Local Audit and Accountability Act 2014

Under the Local Audit and Accountability Act 2014, as a local resident you have
legal rights to inspect, ask questions about and challenge items in your authority’s accounts.

Merton Council and their accounts
Local authorities spend public money. The money comes from national and
local taxes as well as charges to service users. Local authorities must tell local
residents and taxpayers how their money is spent. They do this by publishing
yearly accounts and details of their spending.

Your rights and the law
The Local Audit and Accountability Act 2014 (the Act) governs the work of
auditors appointed to authorities and other local public bodies. The Act the
Accounts and Audit Regulations 2015 and the Local Audit (Public Access to
Documents) Act 2017 also cover the duties, responsibilities and rights of local
authorities, other organisations and the public concerning the accounts being

As a local resident or an interested person or journalist you have certain legal rights in respect of the accounts of local authorities.

As an interested person or journalist you can inspect an authority’s accounts and
related documents.

If you are a local government elector for the area to which the accounts relate you can also:

  • ask the auditor questions about the accounts; and
  • object to them.

Your rights to inspect the accounts and related documents, ask questions or
make objections, however, can only be exercised during a single 30 working-day
period that is set by the authority (‘the inspection period’). Merton Council usually hides this limited window of time period in a link to the Public Inspection Notice. It is vital, therefore, that if you intend to exercise any of the rights explained in this guide, you contact the council to find out the dates set for the inspection period each year. It is the authority which sets this period, not the auditor.

You do not have to pay directly for exercising your rights. However, any resulting
costs incurred by the authority (which can on occasion be very large) form part of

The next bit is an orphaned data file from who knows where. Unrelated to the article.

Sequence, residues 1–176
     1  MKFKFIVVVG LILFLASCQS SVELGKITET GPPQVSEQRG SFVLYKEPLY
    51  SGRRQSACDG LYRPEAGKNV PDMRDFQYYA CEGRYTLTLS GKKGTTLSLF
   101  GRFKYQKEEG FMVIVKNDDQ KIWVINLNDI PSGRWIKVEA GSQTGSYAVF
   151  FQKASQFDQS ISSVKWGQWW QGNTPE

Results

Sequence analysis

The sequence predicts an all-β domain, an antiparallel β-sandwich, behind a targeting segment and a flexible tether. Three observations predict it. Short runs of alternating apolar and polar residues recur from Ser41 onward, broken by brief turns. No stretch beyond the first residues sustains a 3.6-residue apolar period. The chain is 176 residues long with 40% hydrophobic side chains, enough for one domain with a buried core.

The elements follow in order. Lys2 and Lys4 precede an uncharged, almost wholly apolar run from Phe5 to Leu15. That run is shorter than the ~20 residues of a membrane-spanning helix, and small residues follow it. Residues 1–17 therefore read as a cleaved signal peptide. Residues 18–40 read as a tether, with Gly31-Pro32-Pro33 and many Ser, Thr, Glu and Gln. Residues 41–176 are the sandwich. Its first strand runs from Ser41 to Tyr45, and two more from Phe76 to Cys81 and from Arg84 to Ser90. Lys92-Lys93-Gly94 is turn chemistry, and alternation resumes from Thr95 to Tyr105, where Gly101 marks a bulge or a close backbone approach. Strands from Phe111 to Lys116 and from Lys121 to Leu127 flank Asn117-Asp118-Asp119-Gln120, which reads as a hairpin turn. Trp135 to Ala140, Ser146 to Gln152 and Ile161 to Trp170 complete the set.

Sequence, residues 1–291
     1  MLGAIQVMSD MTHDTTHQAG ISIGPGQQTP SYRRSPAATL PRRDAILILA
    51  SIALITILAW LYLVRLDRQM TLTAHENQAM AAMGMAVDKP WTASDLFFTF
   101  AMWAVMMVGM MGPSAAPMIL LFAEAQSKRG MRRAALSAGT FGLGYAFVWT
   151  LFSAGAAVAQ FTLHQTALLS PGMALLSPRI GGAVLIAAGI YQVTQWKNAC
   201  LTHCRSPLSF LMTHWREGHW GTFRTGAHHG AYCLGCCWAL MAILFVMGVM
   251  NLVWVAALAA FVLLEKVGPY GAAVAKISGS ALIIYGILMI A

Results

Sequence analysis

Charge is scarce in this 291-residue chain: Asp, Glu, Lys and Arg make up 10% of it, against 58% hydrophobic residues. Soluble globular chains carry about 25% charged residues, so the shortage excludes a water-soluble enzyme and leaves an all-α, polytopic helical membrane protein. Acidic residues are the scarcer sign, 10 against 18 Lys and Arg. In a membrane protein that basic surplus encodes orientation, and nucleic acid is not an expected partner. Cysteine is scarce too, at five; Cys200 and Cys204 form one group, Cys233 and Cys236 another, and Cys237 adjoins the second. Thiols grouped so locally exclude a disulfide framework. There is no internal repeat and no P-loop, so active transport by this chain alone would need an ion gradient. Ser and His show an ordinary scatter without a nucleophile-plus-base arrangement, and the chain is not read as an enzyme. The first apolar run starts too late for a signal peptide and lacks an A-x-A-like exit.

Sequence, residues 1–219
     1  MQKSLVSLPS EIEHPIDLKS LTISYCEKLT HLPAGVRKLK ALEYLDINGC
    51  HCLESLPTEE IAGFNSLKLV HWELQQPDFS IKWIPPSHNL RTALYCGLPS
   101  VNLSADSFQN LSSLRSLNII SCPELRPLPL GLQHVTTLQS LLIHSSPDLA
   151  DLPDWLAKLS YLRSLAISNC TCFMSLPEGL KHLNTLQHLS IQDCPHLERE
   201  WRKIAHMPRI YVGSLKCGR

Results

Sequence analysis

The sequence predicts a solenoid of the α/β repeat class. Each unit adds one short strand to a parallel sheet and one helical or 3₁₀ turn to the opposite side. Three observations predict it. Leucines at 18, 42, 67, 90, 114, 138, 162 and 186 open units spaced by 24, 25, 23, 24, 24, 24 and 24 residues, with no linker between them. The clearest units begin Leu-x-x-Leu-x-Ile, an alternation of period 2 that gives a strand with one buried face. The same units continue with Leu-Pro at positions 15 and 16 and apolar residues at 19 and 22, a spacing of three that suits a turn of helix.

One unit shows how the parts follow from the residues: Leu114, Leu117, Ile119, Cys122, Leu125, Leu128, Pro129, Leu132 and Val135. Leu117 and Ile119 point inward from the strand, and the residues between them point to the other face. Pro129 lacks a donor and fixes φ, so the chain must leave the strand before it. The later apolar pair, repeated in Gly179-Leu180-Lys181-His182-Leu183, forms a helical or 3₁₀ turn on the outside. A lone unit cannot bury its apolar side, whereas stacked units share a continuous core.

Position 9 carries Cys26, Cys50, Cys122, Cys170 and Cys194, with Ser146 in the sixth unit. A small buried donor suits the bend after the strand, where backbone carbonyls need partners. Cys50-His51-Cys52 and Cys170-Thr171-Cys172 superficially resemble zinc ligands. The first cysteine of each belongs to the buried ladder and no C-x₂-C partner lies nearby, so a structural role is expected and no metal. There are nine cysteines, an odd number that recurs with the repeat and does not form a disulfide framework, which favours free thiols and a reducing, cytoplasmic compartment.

its running costs.

Therefore, indirectly, local residents pay for the cost of you exercising your rights
through their council tax. Please bear this in mind if the issue of concern could be
dealt with in a more proportionate way, such as by direct communication with the
authority or via an organisation listed below.

If you think something has gone wrong at Merton Council, you should contact
them. You can do this by writing to:
• the Chief Executive or
• your local councillor.
The council has a complaints-handling system, which deals with nearly all
complaints. Occasionally there are issues that someone else needs to deal with.
Here are some suggestions to help you.

Public Sector Audit Appointments Limited (PSAA)
If you are unhappy with how the auditor has handled your question or objection
about Merton Council’s accounts, you should contact the audit firm and make a
formal complaint.
If, having followed the firm’s complaints procedure, you remain unhappy with the
actions the auditor has taken, or the firm’s response to your complaint, you can
contact PSAA.
Phone: 020 7072 7445
Email: auditorappointments@psaa.co.uk

Local Government Ombudsman
Contact the Ombudsman if you:

  • think the way your council has gone about something is wrong;
  • think the impact of a decision it has made is unfair; or
  • are dissatisfied with how the authority has dealt with your complaint.

Phone: 0300 061 0614
Website: Local Government Ombudsman

Contact Merton Council’s internal auditor if you think the authority has
committed fraud or used money improperly. The council will give you the
internal auditor’s name and address. If you have evidence of fraud, you should
also contact the police.

Freedom of information
Merton Council is covered by the requirements of Freedom of Information
legislation, so you can ask to see anything you want to see at any time. The council will tell you if there is a reason you may not see any information. Using the website What Do They Know which puts the question and answer in the public domain (do search if the question has already been asked), using What Do They Know saves the council time in answering duplicate questions and helps keep an eye on the timescales given to the council to respond.

If you need help getting information, the Information Commissioner may be able
to help you.
Information Commissioner’s Office
Website: Information Commissioner
Helplines: 0303 123 1113

Standards and General Purposes Committee
Complain to Merton Council’s standards committee, if you think a councillor’s behaviour is below the high standards expected. Standards committees publish their own information on how to make a complaint. They only deal with complaints about
members (councillors) and not about officers or other employees.